The topic of refugeeism seems to be one of the most current controversial and therefore discussed topics in today’s times. The temperature of the conversation started long before President Trump, becoming a more popular American table topic back in 2014 when Christian persecution captivated the nation, specifically the church. Now, on the back end of a hurried executive order to ban immigration from specific countries, the topic has once again found its fervor in the mouths and hearts of Americans. In the conversations I’ve had with friends and strangers regarding immigration, there seems to be three distinct categories of mindsets regarding the issue: Some are completely against foreign immigration from countries that are perceived as threats, endorsing the infamous wall our President promised to build during his campaign; others are baffled and shocked at what they call the heartlessness of those who would immediately shut down any talks or momentum towards a more inclusive immigration reform; and then there are some who are simply in the middle, who believe in the reality of the threats to national security, but can’t seem to reconcile completely the images of drowned babies and war-torn children and families.
I’m not writing this to tell you what specifically to do. Personally I find myself more in the middle. I understand the need to protect ourselves from threats, as I have my mother, father and brothers here. But I also understand something else: if I am a Christian, I am a refugee.
A refugee isn’t just anyone who visits another country or a broad label given to all foreigners. There are specific circumstances that would qualify someone as a refugee, mainly the fact that their home country or land is no longer safe or habitable for them or their family. A refugee, then, is someone who needs to be rescued. Redeemed, even. In Psalms 107, we see the beautiful depictions of what being redeemed looks like. Each section contains an overwhelming problem, a desperate cry to the Lord, His gracious response and rescue, and the gratitude that flows from that.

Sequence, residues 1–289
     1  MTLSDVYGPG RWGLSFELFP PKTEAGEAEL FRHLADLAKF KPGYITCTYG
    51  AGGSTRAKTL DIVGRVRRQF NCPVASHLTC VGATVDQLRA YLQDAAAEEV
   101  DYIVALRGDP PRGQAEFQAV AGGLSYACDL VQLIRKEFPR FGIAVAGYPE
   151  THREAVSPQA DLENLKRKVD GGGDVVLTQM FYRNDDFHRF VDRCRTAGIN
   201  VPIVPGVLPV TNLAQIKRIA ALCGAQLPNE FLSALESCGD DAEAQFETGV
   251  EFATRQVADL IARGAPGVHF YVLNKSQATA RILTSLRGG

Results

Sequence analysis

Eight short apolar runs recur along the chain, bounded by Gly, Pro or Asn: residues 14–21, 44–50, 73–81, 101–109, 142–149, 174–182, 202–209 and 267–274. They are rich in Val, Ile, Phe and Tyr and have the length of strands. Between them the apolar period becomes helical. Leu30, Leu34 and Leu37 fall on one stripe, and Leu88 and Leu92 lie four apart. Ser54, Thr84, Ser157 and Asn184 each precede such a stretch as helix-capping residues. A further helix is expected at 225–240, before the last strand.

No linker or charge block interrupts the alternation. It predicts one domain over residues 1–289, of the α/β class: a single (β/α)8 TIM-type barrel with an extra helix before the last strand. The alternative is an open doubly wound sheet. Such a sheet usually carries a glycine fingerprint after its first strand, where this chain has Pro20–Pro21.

“Some wandered in desert wastes, finding no way to a city to dwell in; hungry and thirsty, their soul fainted within them. Then they cried to the Lord in their trouble, and he delivered them from their distress. He led them by a straight way till they reached a city to dwell in. Let them thank the Lord for his steadfast love, for his wondrous works to the children of man! For he satisfies the longing soul, and the hungry soul he fills with good things.” (Psalms 107:4-9 ESV)
This section and the verses that follow are referring to the rescue and redemption only the Savior of the world could bring, namely salvation through the person and work of Jesus Christ. As a Christian, I know my story well. Caught and trapped in the domain of darkness and enslaving sin and death, it was only the graciousness of the Lord to allow me into His family and call me his own. I have no personal merit or privilege that would require Him to act on my behalf in this way. It is only out of the overflow of His Love inside the Trinity that spills over to me that He acted for me and rescued me. All believers are those who once wandered lost in foreign lands, searching for and in need of food and water. Some are there because of their own sin; others are there because of the brokenness of this world. But all find their hope in Jesus. God rescues us, the foreigner. And through Jesus Christ, we are no longer foreigners but citizens of a new kingdom and children of a new family.
The topic of refugeeism is not easy. The policies and reforms needed require discernment and wisdom. But they will also require great compassion. It is my belief that the heart of the believer should be for the rescuing of the refugee. That doesn’t negate hard conversations surrounding safety or security, but it does mean that compassion and empathy should also be seated at the table of these conversations. For every true believer knows what it means to be in need of rescue.